Is this a perfect cover for a Monday morning or what? Artist FRANK JOHNSON is, of course, a long-time assistant and collaborator of Mort Walker's and other comic-strip creators. I've enjoyed and seen his work forever, but my online search for more information on him turned up just this:
Frank Johnson was one of Mort Walker's assistants who ghosted on many comics like "Beetle Bailey" and "Hi and Lois." He became particularly identified with the "Boner's Ark" comic, which started in 1968. Johnson pencilled and inked the comic from 1971 to 1982. He has also drawn the "Bringing Up Father" comic for King Features.
My thirty-year-old copy of WHO'S WHO OF AMERICAN COMIC BOOKS [edited by Jerry Bails and Hames Ware] also mentioned his editorial and sports cartoons, advertising art, additional comic-strip work ("Beany" and "Miss Caroline"), and an impressive line-up of comics work for Charlton: Hi & Lois, Heckle & Jeckle, Underdog, Dudley Do-Right, Tiger, Yogi Bear, Little Genius, Little Rascal Twins, and Huckleberry Hound.
The cover shown above is from UNDERDOG #4 [January, 1971] and was part of Charlton's ten-issue run with the character. That run started with the July, 1970-dated issue and ended with the January, 1972-dated issue.
Why don't you all sing Underdog's cartoon theme song while I put together a quick checklist of the canine crusader's comic-book adventures? Here are the words:
When criminals in this world appear
And break the laws that they should fear
And frighten all who see or hear
The cry goes up both far and near
For Underdog! Underdog! Underdog! Underdog!
Speed of lightning, roar of thunder
Fighting all who rob or plunder
When in this world the headlines read
Of those whose hearts are filled with greed
Who rob and steal from those who need
To right this wrong with blinding speed
Goes Underdog! Underdog! Underdog! Underdog!
Speed of lightning, roar of thunder
Fighting all who rob or plunder
That was lovely...and quite disturbing.
According to THE STANDARD CATALOG OF COMIC BOOKS, a tome whose weight is exceeded by its usefulness, Gold Key published 23 issues of UNDERDOG from 1975 through February, 1979. Then came Charlton's ten issues.
Small publisher Spotlight published two issues in 1987 while Harvey Comics managed five issues and a summer special in 1993 and 1994. Somewhere between the Charlton run and the Harvey run, there was a special 3-D issue from Blackthorne. I'm sure I read some of these comics, but I don't have any memories of them.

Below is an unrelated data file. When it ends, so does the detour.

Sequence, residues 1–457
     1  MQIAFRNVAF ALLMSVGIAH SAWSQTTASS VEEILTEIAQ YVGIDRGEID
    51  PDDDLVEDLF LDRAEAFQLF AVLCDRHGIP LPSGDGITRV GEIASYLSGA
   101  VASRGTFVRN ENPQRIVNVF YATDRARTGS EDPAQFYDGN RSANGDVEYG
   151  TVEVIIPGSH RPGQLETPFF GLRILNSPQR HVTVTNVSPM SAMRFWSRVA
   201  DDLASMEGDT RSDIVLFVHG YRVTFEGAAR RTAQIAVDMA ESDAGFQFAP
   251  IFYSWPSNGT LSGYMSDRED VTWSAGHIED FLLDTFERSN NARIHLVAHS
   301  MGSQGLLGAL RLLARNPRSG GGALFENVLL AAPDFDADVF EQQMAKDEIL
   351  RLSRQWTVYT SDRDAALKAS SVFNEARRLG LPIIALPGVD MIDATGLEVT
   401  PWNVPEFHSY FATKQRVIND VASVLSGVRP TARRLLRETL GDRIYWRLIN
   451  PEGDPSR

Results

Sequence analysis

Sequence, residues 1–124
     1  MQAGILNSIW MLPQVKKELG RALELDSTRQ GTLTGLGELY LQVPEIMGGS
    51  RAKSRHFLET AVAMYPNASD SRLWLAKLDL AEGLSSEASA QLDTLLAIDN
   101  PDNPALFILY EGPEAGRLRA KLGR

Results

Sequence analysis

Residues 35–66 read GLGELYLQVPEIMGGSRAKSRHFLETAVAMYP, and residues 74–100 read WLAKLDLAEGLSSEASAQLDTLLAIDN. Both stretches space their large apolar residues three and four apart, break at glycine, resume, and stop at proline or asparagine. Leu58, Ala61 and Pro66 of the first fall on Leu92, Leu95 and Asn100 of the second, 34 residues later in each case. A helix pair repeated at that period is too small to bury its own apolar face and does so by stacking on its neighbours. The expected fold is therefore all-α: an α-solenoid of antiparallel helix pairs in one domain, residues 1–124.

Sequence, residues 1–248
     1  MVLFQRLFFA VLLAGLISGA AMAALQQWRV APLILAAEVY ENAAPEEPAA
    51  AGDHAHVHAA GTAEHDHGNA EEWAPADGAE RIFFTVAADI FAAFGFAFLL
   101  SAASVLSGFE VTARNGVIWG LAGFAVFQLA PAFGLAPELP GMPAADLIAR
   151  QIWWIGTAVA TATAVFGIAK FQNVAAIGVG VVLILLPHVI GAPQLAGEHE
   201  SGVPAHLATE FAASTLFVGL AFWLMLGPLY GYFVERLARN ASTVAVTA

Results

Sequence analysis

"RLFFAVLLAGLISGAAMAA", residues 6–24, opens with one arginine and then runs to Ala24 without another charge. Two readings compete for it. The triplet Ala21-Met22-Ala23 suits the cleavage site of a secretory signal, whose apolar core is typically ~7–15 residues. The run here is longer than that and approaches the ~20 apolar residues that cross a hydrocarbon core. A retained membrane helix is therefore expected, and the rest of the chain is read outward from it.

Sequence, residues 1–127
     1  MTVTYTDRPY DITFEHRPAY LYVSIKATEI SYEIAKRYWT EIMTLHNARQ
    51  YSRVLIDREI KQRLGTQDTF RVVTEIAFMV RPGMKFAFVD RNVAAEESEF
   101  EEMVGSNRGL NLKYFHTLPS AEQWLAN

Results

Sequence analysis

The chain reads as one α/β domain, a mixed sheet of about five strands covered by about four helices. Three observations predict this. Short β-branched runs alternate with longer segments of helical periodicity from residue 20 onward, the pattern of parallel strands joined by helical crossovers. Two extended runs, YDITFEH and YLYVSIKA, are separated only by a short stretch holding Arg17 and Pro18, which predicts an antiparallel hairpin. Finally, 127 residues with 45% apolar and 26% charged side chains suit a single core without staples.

Pretty anti-climactic, huh? I probably should have stopped at the cover. Let's see what else I have for you today.
BETTY #141 [Archie Comics; $2.19] didn't get off to a very promising start. I guessed the "punch line" of Barbara Slate's "A Night To Remember" - and, for that matter, the entire story - from its first panel. Even the excellent art of penciller Stan Goldberg and inker John Lowe couldn't save the predicable tale.
Slate's "The Good Sport" was somewhat better. Betty is voted to be Riverdale High's "Swan Queen" and Veronica isn't happy about it. Slate touches on an interesting idea when several girls tell Ronnie they voted for her - I'm assuming they either didn't want to hurt Veronica's feelings or were afraid of her wrath - but doesn't go anywhere with it. Ronnie's eventual stab at being generous in defeat is good for a laugh, though.
George Gladir scores twice in the second half of this issue. His "The Mad Hatter's Ball" touches on the funding issues which are of keen concern to educators, parents, and students by having Betty and the gals hold a wacky hat fashion show to raise money for their school and save some threatened activities. It's an amusing story that breaks the mold and sets up a contest in which Archie readers are invited to submit their own "mad hat" designs.
That's followed by the 2004 edition of "Betty Cooper's Book of Riverdale Records," a series of gags connected by the "records" set by Archie and the gang. I laughed out loud at the final gag of the story. Kudos to Gladir.
BETTY #141 is a terrific issue. On our usual scale of zero to five, it earns four Tonys.
You can go home again.